We left Bahia Santa Maria and started our third leg with the rest of the fleet at 6 a.m. in the morning. There was a minor rush about the boat as we thought we had accidentally overslept! We poked our heads out and saw that the majority of the fleet was already moving towards the starting line! We quickly got things situated, picked up anchor, and followed suit. The forecast for this leg was going to be quite light. With the lack of wind we once again turned on the dinosaur juice and thought about raising Simon despite the fluky conditions.
(What could go wrong?) What went wrong happened within what seemed like minutes of releasing Simon from his sock. The lack of wind caused him to flutter and with the luck we had been having with the rest of our sails, can you guess what happened next? Simon got stuck. An assortment of swearing continued as we turned the boat looking for some wind to help set Simon free. We watched, once again, as the cotter pin on our spreader tore a small long tear in yet another perfectly good sail. We put Simon away in an angry rage, and sat in the cockpit fuming, rehashing the whole controversy for why we decided against putting the spreader boots back on the spreaders in the first place. We hoped to avoid trapping salt under the boots against the rigging in order to prevent corrosion. Corrosion on the rigging or torn sails, we contemplated which poison was worse.
Lifting our mood with a little fishing seemed like the next best thing to do. We grabbed the gear and threw out the meat line. We both sat staring at it. The directions for this bungee cord set up made it seem like we’d catch a fish before we’d know what to do with it! This is dumb we thought, so we decided to busy ourselves with other things. Grant wanted to try hoisting the SSB antenna again. We hoisted it up using the spinnaker halyard. Shortly after, it broke leaving the majority of the antenna, and our halyard stuck at the very top of the mast. Again?! The bright side was it was completely out of the way so we pulled the halyard tight and cleated it off.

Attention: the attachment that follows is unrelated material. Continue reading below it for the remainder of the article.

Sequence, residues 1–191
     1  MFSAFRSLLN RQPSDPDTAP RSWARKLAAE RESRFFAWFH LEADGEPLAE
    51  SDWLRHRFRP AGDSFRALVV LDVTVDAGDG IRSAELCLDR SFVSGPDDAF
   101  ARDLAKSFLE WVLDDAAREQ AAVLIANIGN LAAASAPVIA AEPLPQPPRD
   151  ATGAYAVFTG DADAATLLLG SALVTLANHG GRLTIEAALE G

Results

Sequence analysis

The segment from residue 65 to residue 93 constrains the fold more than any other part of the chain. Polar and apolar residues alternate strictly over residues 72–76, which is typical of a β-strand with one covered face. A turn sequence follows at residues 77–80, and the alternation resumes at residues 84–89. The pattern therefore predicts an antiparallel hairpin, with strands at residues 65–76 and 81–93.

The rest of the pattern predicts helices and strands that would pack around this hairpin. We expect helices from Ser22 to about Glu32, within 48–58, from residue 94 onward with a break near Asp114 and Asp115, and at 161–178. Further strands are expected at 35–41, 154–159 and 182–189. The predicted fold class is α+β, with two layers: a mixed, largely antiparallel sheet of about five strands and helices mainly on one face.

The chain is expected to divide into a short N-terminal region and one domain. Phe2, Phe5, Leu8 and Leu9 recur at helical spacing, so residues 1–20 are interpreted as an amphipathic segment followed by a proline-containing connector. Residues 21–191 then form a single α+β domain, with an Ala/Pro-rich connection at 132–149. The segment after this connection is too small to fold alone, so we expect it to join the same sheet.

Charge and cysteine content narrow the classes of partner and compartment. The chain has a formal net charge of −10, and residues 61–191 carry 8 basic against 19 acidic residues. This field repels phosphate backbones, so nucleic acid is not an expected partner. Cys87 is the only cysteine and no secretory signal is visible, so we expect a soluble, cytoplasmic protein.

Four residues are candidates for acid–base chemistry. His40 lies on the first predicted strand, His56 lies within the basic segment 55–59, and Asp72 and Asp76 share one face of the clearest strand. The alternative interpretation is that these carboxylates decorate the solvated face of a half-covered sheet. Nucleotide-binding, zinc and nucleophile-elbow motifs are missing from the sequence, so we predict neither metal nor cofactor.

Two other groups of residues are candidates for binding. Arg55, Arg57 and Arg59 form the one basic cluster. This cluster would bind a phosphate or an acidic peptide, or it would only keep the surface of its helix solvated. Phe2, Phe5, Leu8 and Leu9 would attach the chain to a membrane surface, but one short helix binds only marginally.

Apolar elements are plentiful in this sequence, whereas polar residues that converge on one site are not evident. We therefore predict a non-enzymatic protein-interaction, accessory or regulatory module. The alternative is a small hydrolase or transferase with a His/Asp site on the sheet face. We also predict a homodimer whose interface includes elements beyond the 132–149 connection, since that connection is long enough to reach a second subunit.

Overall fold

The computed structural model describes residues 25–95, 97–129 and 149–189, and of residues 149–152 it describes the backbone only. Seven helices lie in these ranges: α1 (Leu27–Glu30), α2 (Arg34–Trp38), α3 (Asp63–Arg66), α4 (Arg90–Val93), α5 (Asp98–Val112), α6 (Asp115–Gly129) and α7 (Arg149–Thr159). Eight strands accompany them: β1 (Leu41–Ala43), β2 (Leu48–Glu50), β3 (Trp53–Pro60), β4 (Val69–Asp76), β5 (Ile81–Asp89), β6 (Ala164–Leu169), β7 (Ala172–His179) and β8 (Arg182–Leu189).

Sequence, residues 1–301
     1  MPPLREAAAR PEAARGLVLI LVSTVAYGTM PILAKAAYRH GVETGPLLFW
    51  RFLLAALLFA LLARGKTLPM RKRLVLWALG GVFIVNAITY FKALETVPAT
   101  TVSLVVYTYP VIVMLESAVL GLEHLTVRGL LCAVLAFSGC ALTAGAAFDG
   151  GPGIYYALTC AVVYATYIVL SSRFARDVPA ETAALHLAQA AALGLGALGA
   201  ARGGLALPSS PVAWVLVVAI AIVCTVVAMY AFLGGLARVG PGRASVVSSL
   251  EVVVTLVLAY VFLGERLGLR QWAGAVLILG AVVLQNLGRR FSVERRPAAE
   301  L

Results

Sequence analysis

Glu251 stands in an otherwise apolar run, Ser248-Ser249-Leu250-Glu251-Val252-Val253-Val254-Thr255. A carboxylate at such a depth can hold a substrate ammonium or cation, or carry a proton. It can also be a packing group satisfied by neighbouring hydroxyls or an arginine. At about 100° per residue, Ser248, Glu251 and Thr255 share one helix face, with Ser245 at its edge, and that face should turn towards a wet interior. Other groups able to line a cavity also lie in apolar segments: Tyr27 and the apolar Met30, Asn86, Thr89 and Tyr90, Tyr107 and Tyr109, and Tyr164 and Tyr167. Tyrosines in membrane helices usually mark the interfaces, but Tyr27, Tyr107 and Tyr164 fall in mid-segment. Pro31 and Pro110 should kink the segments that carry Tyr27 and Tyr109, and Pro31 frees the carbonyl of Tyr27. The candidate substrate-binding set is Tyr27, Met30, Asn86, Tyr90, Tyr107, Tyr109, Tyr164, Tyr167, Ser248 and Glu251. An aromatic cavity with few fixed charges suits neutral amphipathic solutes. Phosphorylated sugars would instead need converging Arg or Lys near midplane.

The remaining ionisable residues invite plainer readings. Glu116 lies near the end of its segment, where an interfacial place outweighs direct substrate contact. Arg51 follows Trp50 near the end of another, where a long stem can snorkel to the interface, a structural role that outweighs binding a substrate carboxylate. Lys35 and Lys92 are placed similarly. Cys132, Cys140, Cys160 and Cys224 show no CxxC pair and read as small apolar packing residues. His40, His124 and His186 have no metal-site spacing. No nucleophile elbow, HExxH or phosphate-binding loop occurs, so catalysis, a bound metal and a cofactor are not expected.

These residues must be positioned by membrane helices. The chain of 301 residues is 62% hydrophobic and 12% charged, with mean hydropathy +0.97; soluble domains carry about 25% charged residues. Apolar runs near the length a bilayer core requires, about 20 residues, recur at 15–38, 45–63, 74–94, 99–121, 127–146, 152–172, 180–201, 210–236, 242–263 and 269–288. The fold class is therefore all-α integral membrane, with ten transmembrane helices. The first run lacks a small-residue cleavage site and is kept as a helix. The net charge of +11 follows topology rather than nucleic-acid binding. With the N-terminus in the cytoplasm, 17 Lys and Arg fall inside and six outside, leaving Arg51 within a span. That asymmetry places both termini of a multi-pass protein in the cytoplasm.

We were both annoyed, so we decided to check the fishing line. “Is there something there?” I asked squinting at the end of the line. “Looks like kelp.” We pulled it in and discovered we had a fish! “Oh, we caught one!” I shrieked and clapped. We were so excited we weren’t sure what to do next! First, what kind of fish is this? Our guidebook had us stuck between a skipjack tuna and a little tunny (tuna). Either way it was a tuna. All tuna has to be good, right?
I took the fish down below to continue with its carving. Let’s see what you’ve been eating for dinner fishy! I sliced open its belly and reviled the contents. Ewe! Then, to the best of my crippled ability (it was my first carving) I cut fillets, wrapped them in paper and put them in plastic zip locks inside the coldest part of our refrigerator. We decided to hail our friends on Cake to see if they knew anything about the fish we had caught. We were advised that if this fish was a skipjack not to eat it if we ever wanted to like fish again. Darn! I remembered Sea Otter’s crew saying they had also caught a mysterious fish (possible skipjack) and after filleting it and cooking it, something just didn’t taste right.